The Impending Affordability Crunch for Log Homes
The very idea of living in a log cabin conjures up all sorts of feelings and sentimental romance. The log cabin home is as ingrained in our culture as Apple Pie and baseball but is the viability of this mainstay of rural living on the verge of disappearing. Some may think that it is not, that the log home will always be an affordable and viable home choice for those looking to return to their roots; but I think that the log building industry is in for some rough road in the coming years.
One only has to look at the dramatic increase in the cost of building materials and the scarcity of skilled labour in the wake of recent events both natural and man-made to get a sense of the coming crunch in the log building industry as a whole. The cost of plywood, for example, has risen nearly twenty percent in the last year adding dramatically to the cost of a new home. General contractors and homeowners alike are getting caught in the squeeze as prices for materials skyrocket during the course of construction making it necessary for charge backs and change orders. This volatility in the building materials market directly influences the log home building industry as they must compete with the lumber producers for the same raw logs from which they build their log cabins with.
The typical log home producer must buy its logs on a project by project basis so as not to tie up scarce resources in carrying an inventory of logs. Given this, the producer must go to the market to purchase logs at market price and thus must compete with the large mills for the same high grade logs. Practically speaking, his means that the log builder must in fact pay a premium for its logs because their quantity of wood fiber purchased does not afford them the same economies of scale as the large mills. So in the end the log builder can pay as much as double for the same logs as the large mill. The log builder of course cannot absorb all this cost so it must pass this cost along to the consumer who ultimately will bear the brunt of this volatility.
If the premium for logs wasn't enough for the log builder to contemplate; add in the scarcity of skilled labour and it is clear to see why the price of log cabin construction is on the increase. There was a time when building a log cabin was simple because you were doing it your self probably and if you made a mistake then – oh well you could live with it. But today in our overly litigious society where every consumer expects nothing but the finest quality at all price points the pressure on the builder to do quality work is immense. A typical log builder will require four to five years of hands-on experience under the direction of a journeyman log smith to be able to work independently. During this training time the apprentice will be exposed to all sorts of different scenarios and situations and must develop his problem solving skills in order to achieve competency. The problem face by most log home companies is that the craft of log home building is not as glamorous as a University Degree or a Tradesman Qualification so they have a hard time attracting quality employees due to the stiff competition from the other trades and professions. The only way the log home producer can compete is to increase the wage scale in the hopes of retaining quality personnel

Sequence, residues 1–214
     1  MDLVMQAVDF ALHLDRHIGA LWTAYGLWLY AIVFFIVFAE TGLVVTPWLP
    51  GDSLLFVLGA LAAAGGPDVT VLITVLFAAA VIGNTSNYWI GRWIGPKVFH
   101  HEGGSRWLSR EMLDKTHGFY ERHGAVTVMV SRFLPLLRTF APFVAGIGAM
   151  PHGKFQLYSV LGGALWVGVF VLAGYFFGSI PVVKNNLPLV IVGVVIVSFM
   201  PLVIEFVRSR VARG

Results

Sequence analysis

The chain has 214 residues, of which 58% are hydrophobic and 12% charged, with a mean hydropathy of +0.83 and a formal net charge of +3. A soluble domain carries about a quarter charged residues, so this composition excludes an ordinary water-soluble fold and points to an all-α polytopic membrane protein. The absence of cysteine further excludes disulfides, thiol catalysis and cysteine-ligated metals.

What does all this mean for the log home building industry? It means that their cost of raw materials is steadily increasing as they are getting squeezed out by the large mills and producers for the raw materials they need to build their homes. This coupled with the scarcity of skilled labour means that the log home producer must raise his prices to be able to stay profitable. This increase in prices then puts the affordability and feasibility of a log cabin out of reach of the average person and thus thins the market for the producer. Under these kinds of conditions the producer may at first lower his prices to close more sales but this is not a long term solution because the producer's profit margin is slowly eroded as the cost of materials and labour steadily rises but the price point does not. In the end if the consumer does not accept the higher prices but instead chooses a different style of construction the log home building industry will experience a sharp decline until the costs of inputs normalizes and the viability of the business is certain.
About The Author
Log Home Builder for 15 years and owner of Coast Mountain Log Homes